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I would need to have an enum type variable that is not automatically initialized to value of the first element. Is there any way how to do that?

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Enum variables aren't always initialized to the first value of the enum.

For instance / static variables, they're initialized to the "0" value of the enum - which may not be a named value, e.g.

enum Color
    Red = 1,
    Blue = 2,
    Green = 3

Color c; // This will be 0

Local variables aren't initialized automatically - they have to be definitely assigned before the first point at which they can be read, just like any other variable.

It's not really clear what you're trying to achieve - if you could give more details of the context, that would help a lot. Using a nullable value type might be what you want, or you may just want to force initialization within a constructor, for example.

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Technically the enum is initialized with 0, not with the first value:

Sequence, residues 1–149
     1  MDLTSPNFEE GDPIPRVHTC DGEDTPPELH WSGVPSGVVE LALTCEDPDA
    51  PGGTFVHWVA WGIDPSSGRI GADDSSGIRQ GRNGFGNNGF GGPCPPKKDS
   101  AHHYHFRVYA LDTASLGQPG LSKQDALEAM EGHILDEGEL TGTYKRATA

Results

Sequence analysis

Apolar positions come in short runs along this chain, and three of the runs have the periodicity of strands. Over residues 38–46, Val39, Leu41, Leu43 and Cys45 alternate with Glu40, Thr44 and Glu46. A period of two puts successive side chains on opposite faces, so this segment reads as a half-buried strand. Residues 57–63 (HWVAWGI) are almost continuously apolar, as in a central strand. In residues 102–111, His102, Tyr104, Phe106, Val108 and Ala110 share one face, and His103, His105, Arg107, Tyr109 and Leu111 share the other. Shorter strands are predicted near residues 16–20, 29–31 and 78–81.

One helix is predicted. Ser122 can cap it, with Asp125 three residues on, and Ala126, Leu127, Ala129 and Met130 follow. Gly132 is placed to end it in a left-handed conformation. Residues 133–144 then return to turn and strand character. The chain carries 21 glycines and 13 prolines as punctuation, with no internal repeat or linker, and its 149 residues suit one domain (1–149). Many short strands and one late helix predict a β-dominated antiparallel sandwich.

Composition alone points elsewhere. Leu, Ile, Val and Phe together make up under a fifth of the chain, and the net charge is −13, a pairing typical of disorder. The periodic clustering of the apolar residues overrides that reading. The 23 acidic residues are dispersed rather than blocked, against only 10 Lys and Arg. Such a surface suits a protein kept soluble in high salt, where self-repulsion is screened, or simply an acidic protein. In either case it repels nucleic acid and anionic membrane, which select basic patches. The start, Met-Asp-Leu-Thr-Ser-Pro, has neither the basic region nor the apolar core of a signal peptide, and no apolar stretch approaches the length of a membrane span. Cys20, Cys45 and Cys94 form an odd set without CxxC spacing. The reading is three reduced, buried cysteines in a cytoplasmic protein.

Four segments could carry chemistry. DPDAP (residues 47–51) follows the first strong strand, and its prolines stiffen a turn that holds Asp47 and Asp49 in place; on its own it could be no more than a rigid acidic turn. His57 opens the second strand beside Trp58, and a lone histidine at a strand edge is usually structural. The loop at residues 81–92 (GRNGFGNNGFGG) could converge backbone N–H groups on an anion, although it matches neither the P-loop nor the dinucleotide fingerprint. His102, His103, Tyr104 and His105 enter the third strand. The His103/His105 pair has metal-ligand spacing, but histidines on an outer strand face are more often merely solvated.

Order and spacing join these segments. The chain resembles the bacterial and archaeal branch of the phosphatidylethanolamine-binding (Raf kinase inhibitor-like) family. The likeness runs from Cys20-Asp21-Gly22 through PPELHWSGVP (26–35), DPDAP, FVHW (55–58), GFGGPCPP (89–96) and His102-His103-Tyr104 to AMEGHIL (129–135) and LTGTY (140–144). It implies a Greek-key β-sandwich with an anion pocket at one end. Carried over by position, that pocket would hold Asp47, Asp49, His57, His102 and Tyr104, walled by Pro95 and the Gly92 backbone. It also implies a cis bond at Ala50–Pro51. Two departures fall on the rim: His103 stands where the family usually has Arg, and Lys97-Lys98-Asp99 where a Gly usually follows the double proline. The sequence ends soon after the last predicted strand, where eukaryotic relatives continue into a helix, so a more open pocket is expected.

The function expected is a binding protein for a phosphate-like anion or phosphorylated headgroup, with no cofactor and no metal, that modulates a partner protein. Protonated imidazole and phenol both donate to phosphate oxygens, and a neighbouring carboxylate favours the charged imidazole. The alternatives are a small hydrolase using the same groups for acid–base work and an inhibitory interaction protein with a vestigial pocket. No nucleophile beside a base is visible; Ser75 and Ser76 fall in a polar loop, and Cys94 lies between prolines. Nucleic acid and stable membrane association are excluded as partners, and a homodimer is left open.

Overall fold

enum Test {
    Second = 1,
    Third = 2

Test test;

void Main()
    Console.WriteLine("{0}", (int)test);

// Result: 0

From MSDN: The default value of an enum E is the value produced by the expression (E)0.

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No way, unless you use Nullable<SomeEnum>.

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You can consider making it nullable

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An enum has an underlying data type of int (by default), and just like an int wi always be initialized, so will the enum.

Your best bet is to add the value Uninitialized as the first entry in the enum.

So for example

public enum MyEnum{ Uninitialized, EnumValue1, EnumValue2, ... };

Then create a instance of it

MyEnum enumInstance;

Now it will still be initialized to the first element in the enum, but you also know that it means you have not initialized it yet.

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The enum keyword is used to declare an enumeration, a distinct type consisting of a set of named constants called the enumerator list.

If you wish to represent an unknown value in the enum, you can do it by adding an element Unknown with value 0.
You could declare the field as Nullable< MyNullableEnum >

A helpful link :

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